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RFID News Roundup

Korea opens UHF spectrum for RFID; pharmaceutical RFID lab showcases anticounterfeiting technology; Intermec offers new RFID label printer; Tagsys triples RFID production capacity; free RFID market research; new multiprotocol 13.56 MHz reader.
By Bob Violino
Jul 30, 2004The following are news announcements made during the week of July 26.

Korea Opens UHF Spectrum for RFID
The South Korea's Ministry of Information and Communication says that it will allow RFID systems to operate in the 908.5 MHz to 914 MHz band. The ministry did not say when the change would be effective, but the move would pave the way for Korea’s high-technology companies to develop RFID systems that are compatible with those in the United States, which allocates 902 MHz to 928 MHz for RFID, and other regions. The Korean Herald reports that the government of Korea has agreed to form an international working group with Japan and China to share advancements in information technology and adopt regional standards for technologies, including RFID. Korea leaders see RFID as a future growth engine in the nation's IT sector. Last year, the Korean government said that it would invest 162 billion won (US$138 million) through 2010 to support development and commercialization of RFID technologies.

Capgemini Opens Pharmaceutical RFID Lab
Capgemini has created the Pharmaceutical RFID Global Center of Excellence in Cambridge, Mass., to showcase technologies that can help reduce counterfeiting. The Paris-based IT and business consulting firm has teamed with SupplyScape, a Cambridge, Mass.-based developer of RFID applications, to fight product counterfeiting and diversion and to create "an open, secure development environment to test anticounterfeiting RFID pilots." Capgemini hopes that pharmaceutical companies will use the lab’s staff to run pilots of their drug pedigree authentication programs. Other Capgemini partners providing technology for the RFID Global Center of Excellence include Sun Microsystems and ADT Security Systems, a division of Tyco Fire & Security.

Intermec Offers New RFID Label Printer
Intermec Technologies, an Everett, Wash.-based provider of UHF RFID systems, has RFID-enabled its EasyCoder PM4i bar code label printer. The printer can now write to Intermec's UHF tags. Intermec says that companies that purchase PM4i printers between July 1 and Sept. 30, 2004, can get a free upgrade that will make the printer compliant with the next-generation Electronic Product Code standard when it is finalized later in the year. The offer is open to North American printer customers who select a three-year Intermec Medallion Service agreement with their EasyCoder PM4i printer purchase. Companies that purchase printers under the free RFID upgrade program will also receive a 10 percent discount on any Intermec Smart Label media and a 5 percent discount on any standard labels for orders placed at the time of upgrade.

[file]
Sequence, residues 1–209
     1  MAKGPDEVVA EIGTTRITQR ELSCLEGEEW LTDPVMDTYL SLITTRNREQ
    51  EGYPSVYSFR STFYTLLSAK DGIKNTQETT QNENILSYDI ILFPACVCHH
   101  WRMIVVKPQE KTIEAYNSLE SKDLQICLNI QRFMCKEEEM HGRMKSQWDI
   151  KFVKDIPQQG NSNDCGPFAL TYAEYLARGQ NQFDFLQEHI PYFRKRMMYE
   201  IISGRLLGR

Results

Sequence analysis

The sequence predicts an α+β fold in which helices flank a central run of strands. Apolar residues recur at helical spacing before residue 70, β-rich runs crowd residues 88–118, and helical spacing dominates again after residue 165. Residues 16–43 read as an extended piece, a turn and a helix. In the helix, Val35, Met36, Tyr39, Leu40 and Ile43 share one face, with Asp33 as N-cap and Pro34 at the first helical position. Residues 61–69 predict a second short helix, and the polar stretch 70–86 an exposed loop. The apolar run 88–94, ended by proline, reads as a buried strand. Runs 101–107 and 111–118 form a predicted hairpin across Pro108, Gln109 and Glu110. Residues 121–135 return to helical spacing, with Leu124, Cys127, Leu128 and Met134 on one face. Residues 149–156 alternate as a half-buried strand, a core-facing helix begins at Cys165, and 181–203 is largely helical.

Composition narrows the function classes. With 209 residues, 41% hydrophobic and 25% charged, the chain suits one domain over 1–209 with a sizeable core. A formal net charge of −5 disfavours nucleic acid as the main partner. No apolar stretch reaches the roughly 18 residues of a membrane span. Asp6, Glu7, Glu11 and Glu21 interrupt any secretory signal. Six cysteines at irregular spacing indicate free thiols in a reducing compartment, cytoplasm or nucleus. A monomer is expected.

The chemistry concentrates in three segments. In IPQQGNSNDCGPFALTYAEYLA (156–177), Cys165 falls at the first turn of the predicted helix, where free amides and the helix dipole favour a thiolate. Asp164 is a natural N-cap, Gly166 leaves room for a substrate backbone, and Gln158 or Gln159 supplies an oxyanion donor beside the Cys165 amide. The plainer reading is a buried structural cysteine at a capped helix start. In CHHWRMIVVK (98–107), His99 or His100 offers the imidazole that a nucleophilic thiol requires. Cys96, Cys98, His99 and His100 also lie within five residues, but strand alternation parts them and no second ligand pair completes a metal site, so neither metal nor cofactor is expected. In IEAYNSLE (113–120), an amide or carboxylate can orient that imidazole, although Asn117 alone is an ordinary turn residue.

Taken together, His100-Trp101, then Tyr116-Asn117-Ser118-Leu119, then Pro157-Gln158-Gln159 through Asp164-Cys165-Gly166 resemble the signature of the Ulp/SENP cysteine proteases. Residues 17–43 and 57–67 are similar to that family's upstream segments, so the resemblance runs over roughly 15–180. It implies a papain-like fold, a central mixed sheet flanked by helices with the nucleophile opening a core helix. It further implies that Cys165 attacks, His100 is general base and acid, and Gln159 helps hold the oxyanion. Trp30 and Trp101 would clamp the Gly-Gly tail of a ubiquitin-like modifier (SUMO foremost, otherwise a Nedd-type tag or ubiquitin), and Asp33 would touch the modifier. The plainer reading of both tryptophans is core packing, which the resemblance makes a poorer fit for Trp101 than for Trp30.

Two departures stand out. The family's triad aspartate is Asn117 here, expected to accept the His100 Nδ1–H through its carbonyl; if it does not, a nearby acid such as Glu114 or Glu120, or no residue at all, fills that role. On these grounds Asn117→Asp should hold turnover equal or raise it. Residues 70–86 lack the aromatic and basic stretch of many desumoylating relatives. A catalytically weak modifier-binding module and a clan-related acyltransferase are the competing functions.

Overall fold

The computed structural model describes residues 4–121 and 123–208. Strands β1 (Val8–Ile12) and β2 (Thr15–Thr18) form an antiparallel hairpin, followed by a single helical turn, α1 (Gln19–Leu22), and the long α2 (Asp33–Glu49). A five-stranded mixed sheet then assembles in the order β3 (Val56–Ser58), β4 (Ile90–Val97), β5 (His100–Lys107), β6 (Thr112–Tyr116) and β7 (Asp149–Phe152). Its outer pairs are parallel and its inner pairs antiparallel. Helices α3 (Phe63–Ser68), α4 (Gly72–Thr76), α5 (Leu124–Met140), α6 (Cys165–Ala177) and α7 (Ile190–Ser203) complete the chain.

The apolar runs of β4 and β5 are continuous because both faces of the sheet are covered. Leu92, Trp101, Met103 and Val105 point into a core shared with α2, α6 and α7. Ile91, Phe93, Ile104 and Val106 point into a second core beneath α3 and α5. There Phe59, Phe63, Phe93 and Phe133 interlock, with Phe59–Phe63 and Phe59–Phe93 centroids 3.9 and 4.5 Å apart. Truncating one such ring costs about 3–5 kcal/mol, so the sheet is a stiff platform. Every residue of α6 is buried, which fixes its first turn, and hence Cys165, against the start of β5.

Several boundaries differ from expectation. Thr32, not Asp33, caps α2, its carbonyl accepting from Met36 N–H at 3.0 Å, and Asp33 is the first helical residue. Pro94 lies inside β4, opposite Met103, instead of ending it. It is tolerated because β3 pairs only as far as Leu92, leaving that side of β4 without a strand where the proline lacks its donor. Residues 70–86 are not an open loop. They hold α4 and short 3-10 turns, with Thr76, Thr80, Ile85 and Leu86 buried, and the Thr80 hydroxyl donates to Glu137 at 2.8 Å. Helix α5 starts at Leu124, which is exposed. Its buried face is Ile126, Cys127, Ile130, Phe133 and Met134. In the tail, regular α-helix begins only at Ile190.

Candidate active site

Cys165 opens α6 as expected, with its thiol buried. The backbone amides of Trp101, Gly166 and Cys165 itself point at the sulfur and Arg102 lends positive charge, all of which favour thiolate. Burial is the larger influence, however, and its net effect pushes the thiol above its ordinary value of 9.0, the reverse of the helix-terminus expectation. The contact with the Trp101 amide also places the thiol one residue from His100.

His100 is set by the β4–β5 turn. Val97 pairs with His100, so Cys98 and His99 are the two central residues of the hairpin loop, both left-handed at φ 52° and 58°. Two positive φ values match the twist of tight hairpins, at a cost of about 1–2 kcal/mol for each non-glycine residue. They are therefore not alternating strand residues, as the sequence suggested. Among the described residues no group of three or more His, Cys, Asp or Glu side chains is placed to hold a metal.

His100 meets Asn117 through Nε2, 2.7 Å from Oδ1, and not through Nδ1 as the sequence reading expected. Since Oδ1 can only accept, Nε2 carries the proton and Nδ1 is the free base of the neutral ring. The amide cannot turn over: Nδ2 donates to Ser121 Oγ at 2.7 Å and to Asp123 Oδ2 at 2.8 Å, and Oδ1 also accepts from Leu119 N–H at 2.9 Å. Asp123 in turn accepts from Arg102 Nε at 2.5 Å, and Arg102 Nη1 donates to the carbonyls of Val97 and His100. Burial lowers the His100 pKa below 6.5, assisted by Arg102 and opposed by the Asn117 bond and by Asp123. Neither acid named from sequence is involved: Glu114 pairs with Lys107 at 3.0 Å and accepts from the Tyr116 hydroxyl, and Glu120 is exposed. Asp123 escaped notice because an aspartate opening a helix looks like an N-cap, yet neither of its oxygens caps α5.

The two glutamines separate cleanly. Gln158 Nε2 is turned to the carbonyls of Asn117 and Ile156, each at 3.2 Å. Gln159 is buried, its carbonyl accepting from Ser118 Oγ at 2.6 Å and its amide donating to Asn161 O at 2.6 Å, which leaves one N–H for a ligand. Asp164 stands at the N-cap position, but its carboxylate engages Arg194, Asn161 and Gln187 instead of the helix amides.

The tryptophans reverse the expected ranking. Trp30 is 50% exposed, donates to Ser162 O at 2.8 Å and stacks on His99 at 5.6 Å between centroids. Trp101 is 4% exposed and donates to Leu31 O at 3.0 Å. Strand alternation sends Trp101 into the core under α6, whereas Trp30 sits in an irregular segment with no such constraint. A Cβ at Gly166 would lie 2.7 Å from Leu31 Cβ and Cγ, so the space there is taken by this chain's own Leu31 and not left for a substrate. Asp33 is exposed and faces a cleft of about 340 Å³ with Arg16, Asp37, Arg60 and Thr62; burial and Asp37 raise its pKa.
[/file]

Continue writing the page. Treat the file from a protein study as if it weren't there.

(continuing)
Tagsys Triples RFID Production Capacity
French RFID systems provider Tagsys says it has acquired a new RFID tag assembly machine that will increase its tag production capacity by more than 300 percent to 60 million units per year. Tagsys provides mainly high-frequency (13.56 MHz) tags and readers, but says the new assembly machine will be able to produce both high-frequency and ultra-high frequency tags. The company says there is a growing market for RFID products for product authentication, as well as for its traditional laundry, clothing rental and smart card markets. The new assembly machine will come online in August.

Free RFID Market Research
Incucomm, a Dallas-based research and consulting firm, says it will provide its recent RFID market research at no cost. The short report predicts the rate of adoption for the period 2005 to 2007. The focus is on RFID systems based on the Electronic Product Code specification, but the report also covers other types of RFID systems. It can be downloaded from the Incucomm Web site, after obtaining a password. A password will be provided to those who send an e-mail to info@incucomm.com, requesting one.

New Multiprotocol 13.56 MHz Reader
Cross Point, a Dutch RFID systems provider, has introduced a multiprotocol RFID reader. The XM13.56 can read from and write to 13.56 MHz tags based on the ISO 14443-A and ISO 15693 standards. Cross Point says the reader was designed for applications pertaining to access control, electronic payments and security. The company did not release pricing or information on availability.
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